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Genetic variation, intrauterine growth, and adverse pregnancy conditions predict leptin gene DNA methylation in blood at birth and 12 months of age
journal contributionposted on 2020-01-01, 00:00 authored by T Mansell, A L Ponsonby, Fiona Collier, D Burgner, Peter VuillerminPeter Vuillermin, K Lange, J Ryan, R Saffery, J Carlin, K Allen, M Tang, S Ranganathan, T Dwyer, K Jachno, P Sly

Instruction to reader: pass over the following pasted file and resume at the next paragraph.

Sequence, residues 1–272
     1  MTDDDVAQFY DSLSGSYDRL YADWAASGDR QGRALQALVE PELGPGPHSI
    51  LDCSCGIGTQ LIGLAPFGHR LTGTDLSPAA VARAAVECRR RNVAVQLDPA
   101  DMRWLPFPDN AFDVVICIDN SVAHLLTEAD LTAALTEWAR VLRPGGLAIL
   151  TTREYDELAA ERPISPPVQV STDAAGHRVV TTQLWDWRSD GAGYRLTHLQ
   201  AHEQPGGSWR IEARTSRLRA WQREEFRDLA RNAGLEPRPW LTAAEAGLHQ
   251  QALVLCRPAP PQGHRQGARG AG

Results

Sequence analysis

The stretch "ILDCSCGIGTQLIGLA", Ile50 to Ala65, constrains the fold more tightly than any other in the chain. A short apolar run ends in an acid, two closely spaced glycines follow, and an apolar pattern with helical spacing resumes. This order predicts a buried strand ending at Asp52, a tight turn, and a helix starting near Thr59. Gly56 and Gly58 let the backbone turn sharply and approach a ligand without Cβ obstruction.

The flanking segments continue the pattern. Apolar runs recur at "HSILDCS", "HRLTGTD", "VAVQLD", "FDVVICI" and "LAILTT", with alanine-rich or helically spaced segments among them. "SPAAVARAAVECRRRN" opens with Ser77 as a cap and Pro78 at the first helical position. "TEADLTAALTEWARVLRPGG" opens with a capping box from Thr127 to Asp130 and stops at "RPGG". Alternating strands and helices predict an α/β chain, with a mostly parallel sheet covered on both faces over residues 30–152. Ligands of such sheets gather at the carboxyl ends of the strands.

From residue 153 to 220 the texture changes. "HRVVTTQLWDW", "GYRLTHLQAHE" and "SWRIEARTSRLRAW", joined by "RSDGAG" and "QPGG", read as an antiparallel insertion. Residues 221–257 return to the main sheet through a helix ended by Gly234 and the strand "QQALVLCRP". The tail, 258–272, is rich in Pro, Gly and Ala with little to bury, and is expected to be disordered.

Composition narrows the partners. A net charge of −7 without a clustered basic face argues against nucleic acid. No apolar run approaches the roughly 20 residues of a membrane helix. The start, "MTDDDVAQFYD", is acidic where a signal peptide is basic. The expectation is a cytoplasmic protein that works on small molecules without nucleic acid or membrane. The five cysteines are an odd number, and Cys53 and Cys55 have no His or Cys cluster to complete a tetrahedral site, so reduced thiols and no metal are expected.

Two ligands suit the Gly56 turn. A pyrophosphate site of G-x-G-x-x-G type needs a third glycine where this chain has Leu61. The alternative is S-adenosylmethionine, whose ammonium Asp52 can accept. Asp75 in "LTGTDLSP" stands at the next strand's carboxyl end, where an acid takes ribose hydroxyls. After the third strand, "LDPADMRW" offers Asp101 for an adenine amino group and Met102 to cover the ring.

Background: Leptin regulates satiety and energy homoeostasis, and plays a key role in placentation in pregnancy. Previous studies have demonstrated regulation of leptin gene (LEP) expression and/or methylation in placenta and cord blood in association with early life exposures, but most have been small and have not considered the influence of genetic variation. Here, we investigated the relationship between maternal factors in pregnancy, infant anthropometry and LEP genetic variation with LEP promoter methylation at birth and 12 months of age. Methods: LEP methylation was measured in cord (n = 877) and 12-month (n = 734) blood in the Barwon Infant Study, a population-based pre-birth cohort. Infant adiposity at birth and 12-months was measured as triceps and subscapular skinfold thickness. Cross-sectional regression tested associations of methylation with pregnancy and anthropometry measures, while longitudinal regression tested if birth anthropometry predicted 12-month LEP methylation levels. Results: Male infants had lower LEP methylation in cord blood (−2.07% average methylation, 95% CI (−2.92, −1.22), p < 0.001). Genetic variation strongly influenced DNA methylation at a single CpG site, which was also negatively associated with birth weight (r = −0.10, p = 0.003). Pre-eclampsia was associated with lower cord blood methylation at another CpG site (−6.06%, 95% CI (−10.70, −1.42), p = 0.01). Gestational diabetes was more modestly associated with methylation at two other CpG units. Adiposity at birth was associated with 12-month LEP methylation, modified by rs41457646 genotype. There was no association of LEP methylation with 12-month anthropometric measures. Conclusions: Infant sex, weight, genetic variation, and exposure to pre-eclampsia and gestational diabetes, are associated with LEP methylation in cord blood. Infant adiposity at birth predicts 12-month blood LEP methylation in a genotype-dependent manner. These findings are consistent with genetics and anthropometry driving altered LEP epigenetic profile and expression in infancy. Further work is required to confirm this and to determine the long-term impact of altered LEP methylation on health.